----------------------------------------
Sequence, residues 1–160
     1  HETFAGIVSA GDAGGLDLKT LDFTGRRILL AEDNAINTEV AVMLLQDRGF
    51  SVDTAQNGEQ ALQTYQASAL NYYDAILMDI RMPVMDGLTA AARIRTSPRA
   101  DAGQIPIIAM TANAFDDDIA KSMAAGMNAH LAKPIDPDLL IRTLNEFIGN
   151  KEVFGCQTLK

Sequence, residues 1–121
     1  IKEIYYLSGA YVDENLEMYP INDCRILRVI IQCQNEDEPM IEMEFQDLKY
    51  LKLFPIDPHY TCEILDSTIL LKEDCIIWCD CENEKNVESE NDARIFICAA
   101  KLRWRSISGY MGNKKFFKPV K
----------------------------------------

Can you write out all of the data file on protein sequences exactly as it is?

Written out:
Sequence, residues 1–160
     1  HETFAGIVSA GDAGGLDLKT LDFTGRRILL AEDNAINTEV AVMLLQDRGF
    51  SVDTAQNGEQ ALQTYQASAL NYYDAILMDI RMPVMDGLTA AARIRTSPRA
   101  DAGQIPIIAM TANAFDDDIA KSMAAGMNAH LAKPIDPDLL IRTLNEFIGN
   151  KEVFGCQTLK

Sequence, residues 1–121
     1  IKEIYYLSGA YVDENLEMYP INDCRILRVI IQCQNEDEPM IEMEFQDLKY
    51  LKLFPIDPHY TCEILDSTIL LKEDCIIWCD CENEKNVESE NDARIFICAA
   101  KLRWRSISGY MGNKKFFKPV K